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Title: Weight approximations in multi-attribute decision models
Author: Roberts, Ronald Gordon.
ISNI:       0000 0001 3525 4068
Awarding Body: University of the West of England, Bristol,
Current Institution: University of the West of England, Bristol
Date of Award: 2004
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There are a wide range of techniques on offer to decision makers choosing between options where each option exhibits a range of attributes. Many of these techniques involve eliciting weights to represent the relative importance of each attribute. This thesis offers a mathematical explanation for the consistent differences in the distribution of weights experienced when a fixed sum method, Point Allocation (PA), and a fixed scale method, Direct Rating (DR), are used. Fixed scale and fixed sum simulations, sampling from the Uniform distribution, produce different weight profiles matching those found in practical applications. Formulae are found representing the distribution of weights produced by the simulations. These enable ranked weights to be calculated, which can be used as surrogates for 'true' weights. In particular, a second major aspect of the study concerns the discovery of a family of piecewise probability density functions to represent the distributions of ranked weights generated using the DR method. The means of the distributions are the Rank Order Distribution (ROD) surrogate weights. These are compared with the Rank Order Centroid (ROC) weights. As the number of attributes in a decision problem increases, the ROD weights approximate to the more easily calculated Rank Sum weights. An interactive survey is conducted, using students and the internet, to compare the PA and DR methods in terms of their ease of use, time taken, accuracy achieved, and user's confidence, in producing weights that represented a series of known "true" weights presented in graphical form. Statistical analysis found significant effects of method, time, accuracy achieved, and confidence of participants, favouring the DR approach. The methods are also compared as a means of obtaining the importance weights given by students to seven listed attributes of universities. A significant difference is found between the pattern of decision weights produced using the two methods confirming previously published studies.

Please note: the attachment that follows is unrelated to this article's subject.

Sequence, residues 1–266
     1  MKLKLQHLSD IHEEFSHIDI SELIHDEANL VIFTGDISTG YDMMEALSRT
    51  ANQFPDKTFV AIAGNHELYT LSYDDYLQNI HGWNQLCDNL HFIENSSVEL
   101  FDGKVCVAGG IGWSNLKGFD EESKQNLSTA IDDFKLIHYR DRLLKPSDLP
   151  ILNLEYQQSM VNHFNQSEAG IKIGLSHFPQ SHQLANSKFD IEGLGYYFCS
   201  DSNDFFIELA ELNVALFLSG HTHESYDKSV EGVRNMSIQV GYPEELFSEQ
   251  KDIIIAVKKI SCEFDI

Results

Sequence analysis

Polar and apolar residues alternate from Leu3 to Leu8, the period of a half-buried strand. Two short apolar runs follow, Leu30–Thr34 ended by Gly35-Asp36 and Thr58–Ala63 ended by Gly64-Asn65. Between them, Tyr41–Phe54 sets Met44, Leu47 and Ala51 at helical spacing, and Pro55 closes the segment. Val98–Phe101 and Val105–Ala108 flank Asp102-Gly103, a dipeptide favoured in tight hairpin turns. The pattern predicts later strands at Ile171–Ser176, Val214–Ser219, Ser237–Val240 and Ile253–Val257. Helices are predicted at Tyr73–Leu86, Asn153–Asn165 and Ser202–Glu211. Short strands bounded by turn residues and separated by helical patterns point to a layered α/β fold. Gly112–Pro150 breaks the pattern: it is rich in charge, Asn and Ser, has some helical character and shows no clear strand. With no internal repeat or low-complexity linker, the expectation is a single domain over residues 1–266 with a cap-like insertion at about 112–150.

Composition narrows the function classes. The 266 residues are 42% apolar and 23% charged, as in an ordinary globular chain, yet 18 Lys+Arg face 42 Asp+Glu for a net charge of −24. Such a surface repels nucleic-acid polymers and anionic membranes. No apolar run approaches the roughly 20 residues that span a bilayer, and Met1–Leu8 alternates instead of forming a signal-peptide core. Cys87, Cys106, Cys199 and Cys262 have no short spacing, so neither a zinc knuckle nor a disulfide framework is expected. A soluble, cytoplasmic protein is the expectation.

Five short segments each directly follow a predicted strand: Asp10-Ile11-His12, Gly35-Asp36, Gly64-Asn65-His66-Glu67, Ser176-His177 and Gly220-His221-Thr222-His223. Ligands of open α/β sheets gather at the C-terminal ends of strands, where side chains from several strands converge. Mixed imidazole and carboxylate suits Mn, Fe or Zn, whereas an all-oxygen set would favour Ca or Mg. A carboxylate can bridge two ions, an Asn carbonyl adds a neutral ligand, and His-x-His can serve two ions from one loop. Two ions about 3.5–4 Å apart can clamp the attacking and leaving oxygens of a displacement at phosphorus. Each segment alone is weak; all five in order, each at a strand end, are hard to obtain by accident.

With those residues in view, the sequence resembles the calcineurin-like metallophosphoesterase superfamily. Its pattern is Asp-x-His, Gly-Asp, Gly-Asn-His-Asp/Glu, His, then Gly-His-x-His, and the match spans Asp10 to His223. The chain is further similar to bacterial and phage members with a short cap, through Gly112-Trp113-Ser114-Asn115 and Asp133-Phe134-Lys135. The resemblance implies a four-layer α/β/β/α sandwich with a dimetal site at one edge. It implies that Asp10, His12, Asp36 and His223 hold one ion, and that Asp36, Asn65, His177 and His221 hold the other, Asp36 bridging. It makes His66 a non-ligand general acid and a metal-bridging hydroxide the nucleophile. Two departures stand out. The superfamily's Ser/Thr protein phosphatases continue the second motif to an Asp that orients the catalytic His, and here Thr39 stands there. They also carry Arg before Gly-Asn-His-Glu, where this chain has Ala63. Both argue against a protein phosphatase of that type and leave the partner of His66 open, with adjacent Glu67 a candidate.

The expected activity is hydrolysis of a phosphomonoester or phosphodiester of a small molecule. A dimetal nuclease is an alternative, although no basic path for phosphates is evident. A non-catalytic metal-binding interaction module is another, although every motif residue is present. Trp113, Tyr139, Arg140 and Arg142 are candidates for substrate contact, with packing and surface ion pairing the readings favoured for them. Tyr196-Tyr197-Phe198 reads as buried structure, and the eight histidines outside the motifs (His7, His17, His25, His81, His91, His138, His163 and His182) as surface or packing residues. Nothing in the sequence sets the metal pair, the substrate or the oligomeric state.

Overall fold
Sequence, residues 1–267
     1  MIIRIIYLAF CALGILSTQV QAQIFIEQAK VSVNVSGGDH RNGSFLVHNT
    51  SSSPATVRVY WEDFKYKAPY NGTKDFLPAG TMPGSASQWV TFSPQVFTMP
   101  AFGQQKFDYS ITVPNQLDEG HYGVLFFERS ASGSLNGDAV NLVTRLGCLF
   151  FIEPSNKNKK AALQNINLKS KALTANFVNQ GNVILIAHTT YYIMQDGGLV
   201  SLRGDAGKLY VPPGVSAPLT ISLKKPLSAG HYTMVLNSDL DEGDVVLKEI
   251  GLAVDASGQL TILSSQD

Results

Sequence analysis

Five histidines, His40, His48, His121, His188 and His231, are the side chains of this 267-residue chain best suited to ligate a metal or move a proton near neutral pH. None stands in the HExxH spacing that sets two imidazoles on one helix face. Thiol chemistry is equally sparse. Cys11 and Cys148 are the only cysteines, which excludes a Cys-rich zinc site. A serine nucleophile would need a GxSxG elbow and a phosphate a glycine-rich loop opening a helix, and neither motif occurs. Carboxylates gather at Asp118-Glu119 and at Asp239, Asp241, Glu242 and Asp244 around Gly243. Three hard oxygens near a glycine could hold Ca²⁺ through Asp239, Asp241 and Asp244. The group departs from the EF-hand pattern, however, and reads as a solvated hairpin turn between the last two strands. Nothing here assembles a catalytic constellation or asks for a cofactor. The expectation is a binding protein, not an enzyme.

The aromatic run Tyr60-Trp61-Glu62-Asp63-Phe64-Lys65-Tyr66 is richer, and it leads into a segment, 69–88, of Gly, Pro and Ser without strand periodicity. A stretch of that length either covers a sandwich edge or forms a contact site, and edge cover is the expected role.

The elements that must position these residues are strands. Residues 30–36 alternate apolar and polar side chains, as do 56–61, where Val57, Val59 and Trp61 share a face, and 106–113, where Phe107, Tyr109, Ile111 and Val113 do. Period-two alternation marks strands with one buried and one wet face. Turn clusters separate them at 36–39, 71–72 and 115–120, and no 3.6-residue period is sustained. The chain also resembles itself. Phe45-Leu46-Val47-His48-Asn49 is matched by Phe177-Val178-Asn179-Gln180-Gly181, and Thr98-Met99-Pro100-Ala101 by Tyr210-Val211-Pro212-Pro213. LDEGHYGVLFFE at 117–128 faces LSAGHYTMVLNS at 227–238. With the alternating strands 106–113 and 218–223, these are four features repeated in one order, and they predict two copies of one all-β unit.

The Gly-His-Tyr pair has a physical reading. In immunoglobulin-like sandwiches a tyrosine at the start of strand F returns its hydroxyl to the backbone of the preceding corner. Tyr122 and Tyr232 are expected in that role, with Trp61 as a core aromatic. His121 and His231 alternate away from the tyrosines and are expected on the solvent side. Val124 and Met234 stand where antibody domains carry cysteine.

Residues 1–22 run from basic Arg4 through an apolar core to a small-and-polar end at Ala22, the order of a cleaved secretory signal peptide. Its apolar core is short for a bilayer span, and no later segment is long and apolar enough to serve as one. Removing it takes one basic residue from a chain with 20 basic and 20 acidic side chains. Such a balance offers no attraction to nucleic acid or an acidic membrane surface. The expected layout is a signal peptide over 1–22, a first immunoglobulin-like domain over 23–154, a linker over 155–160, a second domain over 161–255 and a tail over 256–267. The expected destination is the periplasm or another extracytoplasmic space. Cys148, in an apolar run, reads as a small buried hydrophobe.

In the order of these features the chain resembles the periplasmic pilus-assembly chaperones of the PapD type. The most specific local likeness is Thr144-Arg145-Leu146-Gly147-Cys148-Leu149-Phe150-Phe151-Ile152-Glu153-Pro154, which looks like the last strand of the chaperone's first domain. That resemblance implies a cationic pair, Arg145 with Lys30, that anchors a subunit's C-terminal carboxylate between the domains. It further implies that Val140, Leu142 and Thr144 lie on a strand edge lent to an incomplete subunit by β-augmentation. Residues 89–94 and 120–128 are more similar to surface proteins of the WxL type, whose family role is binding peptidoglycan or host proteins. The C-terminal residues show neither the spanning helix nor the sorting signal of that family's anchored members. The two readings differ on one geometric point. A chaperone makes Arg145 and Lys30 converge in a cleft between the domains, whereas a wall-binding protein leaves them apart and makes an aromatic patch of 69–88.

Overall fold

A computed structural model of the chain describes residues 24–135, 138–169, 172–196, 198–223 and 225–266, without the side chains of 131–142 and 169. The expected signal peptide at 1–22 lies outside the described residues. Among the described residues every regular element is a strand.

Supervisor: Not available Sponsor: Not available
Qualification Name: Thesis (Ph.D.) Qualification Level: Doctoral
EThOS ID:  DOI: Not available